Tuesday, March 2, 2010 at 3:29 pm | Permalink
  13. What gets the baby in gets the baby out, right? Maybe women should go to the hospital to make a baby. Ya know, have their temps monitored, check for signs of ovulation, and make sure everything is sterile when the time comes for intercourse…
    Wait, I think we make more babies when we trust and listen to our bodies… Let’s birth them the same way <3

    Tuesday, March 2, 2010 at 6:39 pm | Permalink
  14. Kate wrote:

    Your best post yet, Stephanie. You are a master storyteller. I’m glad you stopped the analogy where you did because I was about to tell that bellhop where he could put his strawberries. 🙂
    An excellent point and well said.

    Tuesday, March 2, 2010 at 7:13 pm | Permalink
  15. Rebecca wrote:

    Great analogy! I just had the conversation the other day that I could not imagine having a baby in a hospital. It was the best feeling to be in my own home with my own things, able to eat or drink what I wanted when I wanted and decide who was present and when I was interrupted! I loved being able to lay in my own bed, shower in my own bathroom, and have all of MY amenities available to me.

    Tuesday, March 2, 2010 at 10:52 pm | Permalink
  16. Jessica wrote:

    @ Katherine: Unfortunately, not all midwives are as wonderful as you generally hear described. Stephanie has posted a previous blog addressing the “Bad Homebirth.” She clarified that it was not a bad outcome in terms of the health of Mom or baby, but still beyond unsatisfying for Mom.

    Because Midwives don’t have to prove their empathy and their compatibility with your preferences for labor and delivery when getting their license, I believe that it is the responsibility of the Mom (and partner, where applicable) to interview potential caregivers, whether it be a Midwife, Doula or OB before the birth and ask whatever questions you need to to ensure that you’ll be partners and in agreement throughout the experience.

    Tuesday, March 2, 2010 at 11:53 pm | Permalink
  17. Kathleen wrote:

    Great analogy Stephanie!! You’re an amazing storyteller and have explained this beautifully.

    Wednesday, March 3, 2010 at 12:37 am | Permalink
  18. Julie Westover wrote:

    BRAVO! I am grateful I’ve had homebirth experiences… The difference, in my book, is that my 1st birthing experience convinced me that childbirth is a natural unfolding rather than a medical emergency & I didn’t want to return to the hospital unless there were an emergency; so, 2nd & 3rd babies were birthed in my apartment homes & I would definitely choose a familiar place to birth… it’s sacred space.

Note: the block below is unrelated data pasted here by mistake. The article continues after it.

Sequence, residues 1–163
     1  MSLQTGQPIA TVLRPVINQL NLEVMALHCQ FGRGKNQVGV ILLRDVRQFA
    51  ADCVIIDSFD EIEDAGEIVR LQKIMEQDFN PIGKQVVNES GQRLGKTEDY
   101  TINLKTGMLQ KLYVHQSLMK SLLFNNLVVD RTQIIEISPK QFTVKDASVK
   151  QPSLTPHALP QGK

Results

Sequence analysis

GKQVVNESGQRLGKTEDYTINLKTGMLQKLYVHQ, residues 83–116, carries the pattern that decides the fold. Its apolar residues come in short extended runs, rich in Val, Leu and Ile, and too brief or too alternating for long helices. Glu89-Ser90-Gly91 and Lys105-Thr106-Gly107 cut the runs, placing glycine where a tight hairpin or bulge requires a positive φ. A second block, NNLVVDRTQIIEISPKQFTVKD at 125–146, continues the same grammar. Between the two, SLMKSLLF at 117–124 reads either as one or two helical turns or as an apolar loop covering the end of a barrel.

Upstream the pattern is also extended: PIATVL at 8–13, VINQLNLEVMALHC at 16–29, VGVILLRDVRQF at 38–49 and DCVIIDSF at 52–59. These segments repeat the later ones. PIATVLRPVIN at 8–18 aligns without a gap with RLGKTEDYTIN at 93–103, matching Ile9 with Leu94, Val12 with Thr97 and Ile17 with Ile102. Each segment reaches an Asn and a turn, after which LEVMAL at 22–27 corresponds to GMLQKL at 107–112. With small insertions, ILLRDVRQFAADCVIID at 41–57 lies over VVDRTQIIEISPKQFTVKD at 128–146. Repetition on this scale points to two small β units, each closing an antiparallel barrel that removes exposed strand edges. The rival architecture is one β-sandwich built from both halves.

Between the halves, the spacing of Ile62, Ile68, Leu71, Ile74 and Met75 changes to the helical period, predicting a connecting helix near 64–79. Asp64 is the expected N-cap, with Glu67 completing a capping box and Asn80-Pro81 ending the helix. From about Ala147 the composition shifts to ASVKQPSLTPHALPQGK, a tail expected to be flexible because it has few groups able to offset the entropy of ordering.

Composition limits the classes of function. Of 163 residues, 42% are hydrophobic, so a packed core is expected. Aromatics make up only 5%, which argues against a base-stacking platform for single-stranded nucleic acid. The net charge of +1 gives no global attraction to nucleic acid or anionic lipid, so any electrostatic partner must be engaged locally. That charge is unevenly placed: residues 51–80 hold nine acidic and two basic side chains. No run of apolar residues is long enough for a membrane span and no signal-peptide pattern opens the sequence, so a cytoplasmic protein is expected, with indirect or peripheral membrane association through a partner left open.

Wednesday, March 3, 2010 at 1:27 am | Permalink
  19. Sarah wrote:

    This is great. We had a home birth against the advice of our midwife who thought I was “high risk” because I was over 40 and because we live an hour away from hospital, what made me do it tho was our hospital was swamped by a minibaby boom and was offering $100 grocery vouchers to women who left within 6 hours of birth – I figured if they were so crowded and busy it would be awful anyway so opted to stay home and only go there if we absolutely had to – which of course we didn’t. Bithing at home was a fantastic experience and made me want to give birth again. BTW our daughter is now past 2 incredibly healthy and has never seen a Dr in her life.

    Wednesday, March 3, 2010 at 2:07 am | Permalink
  20. Darcy wrote:

    Great analogy!

    I admit that I used to be in the camp that went to the hospital because it was “safer”, but after having my first home birth just two months ago, I will never go back to a hospital unless for an emergency!

    Wednesday, March 3, 2010 at 8:41 am | Permalink
  21. Rebekah C wrote:

    *applause* I thoroughly enjoyed reading this!

    Wednesday, March 3, 2010 at 8:51 am | Permalink
  22. LOL Stephanie! We are sisters in analogy… check out my “The Case for Home Conception” post here:

    Wednesday, March 3, 2010 at 9:37 am | Permalink
  23. Jayme wrote:

    Katherine: The size of your house definitely does not matter in a home birth. My house is very small, plus we have (now) 4 kids. We moved our kitchen/ dining room table into the family room so that we coud set up the labor pool. A lot of people just bith in their bed, or sofa, or wherever you end up, thats one of the great things about a home birth! If you find the right midwife, and discuss your desires early on you wont be having problems with stripping membranes, breaking your water, or forcing any procedure on you. For me the absolute best part of a home birth was AFTER our daughter was born, my older children getting to be involved, my husband being involved (he caught her and handed her to me), doing natural cord clamping (she was attached to the placenta for a little over an hour) and never having her away from family or out of my site, and being able to crawl into my own bed, with baby and husband to get a good nights sleep!